Questioner 1: If we're talking about this integration, and this is for anyone on the panel.  How difficult is it, what are the political struggles like internally? I imagine that you have to be careful not to step on other people’s toes.  Who initiates this merge?  Can you guys talk about that from that perspective?

Simon Riggs: Some of the things we've really had to be really sensitive about in this space, we certainly haven't cracked it yet, is how much first line resolution do you really want happening? As you described at your enterprise SOC or you NOC.  All too often we see guys, particularly those who sat there in the middle of the night  wanting to watch the latest TV show just get the alert come up on the screen.  Can't be bothered to properly sort it out and just escalate it straight up the tree.  So we've really had to work through some of those implications about, are they taking this seriously? Do we have to write work instructions in place?  Do they really feel its part of their job?  Do they understand? Are they qualified to interpret some of these, even the most basic security type issues we see? And how do we stop it from just being a straight pass through straight to us, and they are adding value at the earlier stages?  It's not been an easy journey I have to say, getting those guys motivated to deal with some of them.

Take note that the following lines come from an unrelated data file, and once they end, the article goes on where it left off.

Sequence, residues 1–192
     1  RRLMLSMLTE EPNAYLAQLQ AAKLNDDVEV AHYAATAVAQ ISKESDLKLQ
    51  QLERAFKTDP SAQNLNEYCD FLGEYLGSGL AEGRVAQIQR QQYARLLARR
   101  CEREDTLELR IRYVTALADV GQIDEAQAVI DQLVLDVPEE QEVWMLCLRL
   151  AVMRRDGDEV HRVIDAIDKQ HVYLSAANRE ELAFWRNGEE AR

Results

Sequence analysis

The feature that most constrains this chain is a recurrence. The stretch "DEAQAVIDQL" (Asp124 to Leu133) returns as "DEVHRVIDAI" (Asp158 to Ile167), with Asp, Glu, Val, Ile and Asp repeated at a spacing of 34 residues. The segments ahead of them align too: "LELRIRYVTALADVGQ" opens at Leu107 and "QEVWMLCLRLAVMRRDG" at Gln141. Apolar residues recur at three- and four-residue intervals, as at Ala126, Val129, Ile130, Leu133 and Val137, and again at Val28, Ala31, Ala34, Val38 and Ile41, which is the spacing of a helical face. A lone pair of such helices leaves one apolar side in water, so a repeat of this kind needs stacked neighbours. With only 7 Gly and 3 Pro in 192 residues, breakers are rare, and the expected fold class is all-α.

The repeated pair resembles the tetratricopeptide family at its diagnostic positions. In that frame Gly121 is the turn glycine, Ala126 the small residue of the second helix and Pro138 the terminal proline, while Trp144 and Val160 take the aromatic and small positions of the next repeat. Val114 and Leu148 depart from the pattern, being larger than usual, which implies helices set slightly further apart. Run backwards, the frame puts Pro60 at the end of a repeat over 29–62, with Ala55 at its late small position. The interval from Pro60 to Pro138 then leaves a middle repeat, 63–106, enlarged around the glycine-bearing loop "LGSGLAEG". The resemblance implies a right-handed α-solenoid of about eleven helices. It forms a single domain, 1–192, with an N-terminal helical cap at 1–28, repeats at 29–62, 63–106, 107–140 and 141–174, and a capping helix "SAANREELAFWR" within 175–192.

Questioner 1: Any others?

Sasan Hamidi: I think you hit one of the big important things to think through.  Especially when you have multiple operations groups. If you have different business lines, or let's say IT has server operations.  It's really critical to make sure you have work process integration.  So the key is to actually spend a lot of time, sit down and say, “This is how we expect to execute on security when we hit these thresholds.”  Then you find out how they're able to the implement and execute on their mission or role, and you make sure the two dovetails together.  This way you can make sure it's done as more of a routine and less escalation required for, hey this is a security operation center just initiate these actions. And you need to understand what that's going to do, those other operations.  Specifically when you're responding to an incident at 3:00 in the morning and there's the big escalate and resolve issues between the organizations don't exist.  So if you don't want to get bad messages when you walk in the morning from the CIO of the head of a business unit, doing all that work up front is really critical to being able to get a good flow and a good operations that will integrate into the company.

View All Videos

Start the conversation

Send me notifications when other members comment.

Please create a username to comment.